While thinking about the lessons of the DAO hard fork I’ve been reaching for terminology necessary to make a useful distinction, and thought it would be useful to set it out here.
The DAO hard fork was controversial. Some believe that forking the network to return stolen funds was a betrayal of the basic principles that animate the ethereum project. Others viewed it as a pragmatic solution that, though it shouldn’t be used often, was necessary in this case.
Hard forks will often be contentious, even when they are changing the protocol rather than “undoing” the history of transactions. Because a hard fork will, by definition, break backwards-compatibility, the entire community must agree on a change in order to continue together on the same blockchain. If unanimity is not achieved, the minority can reject the change by continuing as a distinct blockchain.
When a hard fork is proposed, we debate the merits of the change that it would introduce. Will rescuing the DAO funds set a bad precedent? Will increasing the block size centralize the bitcoin network? Typically, then, when people say that a hard fork is “good” or “bad” they are commenting on whether the changes introduced by the hard fork ought to be accepted or rejected.
But as we’ve seen in this case, sometimes a minority cannot be persuaded and they decide to continue with their own blockchain. The hard-fork results in two blockchains, diverging from a common ancestor. Let’s call this a contested fork.
The possibility of a contested fork requires us to ask a second-order question: when is it good that the network diverges after a hard fork? When is it bad? What are the benefits and costs of either?
In some cases, diverging into two blockchains might benefit both chains. First, it’s possible that a blockchain could want to grow in two different directions that are, for some reason, mutually exclusive. For example, imagine a blockchain wants to add a new feature “A” that, while adding some utility, would reduce the ability of that blockchain to perform a different function “B”. Those who place more importance on feature A will support the fork, and those who place more importance on feature B will advocate rejecting the fork. In that case, splitting into two blockchains might be for the best if it allows each project to pursue a distinct feature set.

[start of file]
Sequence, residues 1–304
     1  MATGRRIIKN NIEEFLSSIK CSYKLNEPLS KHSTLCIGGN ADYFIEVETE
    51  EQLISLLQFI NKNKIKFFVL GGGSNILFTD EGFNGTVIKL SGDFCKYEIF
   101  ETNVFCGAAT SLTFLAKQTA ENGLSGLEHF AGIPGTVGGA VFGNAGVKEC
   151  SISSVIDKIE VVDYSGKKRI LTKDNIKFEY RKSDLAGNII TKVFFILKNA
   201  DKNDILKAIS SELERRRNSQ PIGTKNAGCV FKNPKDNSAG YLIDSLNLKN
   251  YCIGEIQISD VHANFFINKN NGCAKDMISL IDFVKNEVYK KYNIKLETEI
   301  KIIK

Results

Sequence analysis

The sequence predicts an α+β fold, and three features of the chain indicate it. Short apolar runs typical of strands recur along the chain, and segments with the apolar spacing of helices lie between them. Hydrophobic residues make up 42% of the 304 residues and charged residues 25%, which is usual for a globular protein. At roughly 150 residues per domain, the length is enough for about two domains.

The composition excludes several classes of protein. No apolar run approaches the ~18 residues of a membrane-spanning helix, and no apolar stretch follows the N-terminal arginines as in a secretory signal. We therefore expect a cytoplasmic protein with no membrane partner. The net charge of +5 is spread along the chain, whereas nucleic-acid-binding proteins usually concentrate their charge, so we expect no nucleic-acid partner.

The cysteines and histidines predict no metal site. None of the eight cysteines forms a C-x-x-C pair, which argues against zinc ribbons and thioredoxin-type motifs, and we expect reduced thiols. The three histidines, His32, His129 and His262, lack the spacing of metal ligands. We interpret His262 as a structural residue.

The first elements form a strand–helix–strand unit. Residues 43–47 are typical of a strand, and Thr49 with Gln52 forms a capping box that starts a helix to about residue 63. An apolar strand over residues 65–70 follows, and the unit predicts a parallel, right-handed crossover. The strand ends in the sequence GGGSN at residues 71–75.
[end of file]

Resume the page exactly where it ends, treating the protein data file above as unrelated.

A contentious fork could also be a good thing where there is a sincere ideological divide within that blockchain’s community. If the community is divided into two populations that have a different set of beliefs about what values and principles ought to guide decision-making about that blockchain, then it might be that each would be able to better govern their blockchains separately, rather than have to argue and compete within the confines of a single platform, resulting in gridlock or ineffective decision making. In other words, it may be the case that the governance priorities of the blockchain’s community cannot be reconciled.
But splitting a blockchain into two also has costs. First, each chain will individually have less hashing power than their shared ancestor, lowering the cost of mounting a 51% attack against either continuing chain. Second, blockchains benefit from network effects: the whole platform has more value when there are more people using it and building applications on it. Splitting the community of developers and companies between two blockchains could, the argument goes, slow development of the overall ecosystem.
Clarifying the benefits and costs of a contested fork gives us a simple framework for assessing them. When the benefits of a contested fork outweigh the costs, let’s call that an additive fork. The resulting separate chains are, on the whole, more valuable than when they were a single chain.
When the opposite is true — when the loss of network effects and cooperation outweighs the benefits of continuing as separate chains — lets call that a subtractive fork.
Whenever a hard fork is proposed, we need to have two discussions: first, whether the change introduced by the hard fork should be accepted. When the community does not reach a unanimous view on the first question, we need to ask the second: in light of that disagreement, is it worth splitting the network? Would this divergence be additive or subtractive to the system as a whole?
Of course, making this distinction doesn’t help us answer the question itself. A lot of the factors that determine whether a fork is additive or subtractive are speculative or novel. A fork that appears additive may still end with the minority chain withering away, even if it had great potential in the beginning.
Moreover, the factors that determine whether a fork is additive or subtractive will likely change over time. When there is a much larger developer community, it may be less costly to split them between two distinct blockchains. When the ethereum platform is more feature-complete and the value of ether is tied more to present capabilities than future expectations, reducing active development on one chain or another might be less important to us. And when it is easier for different chains to interoperate, the costs of splitting them might be far less than today.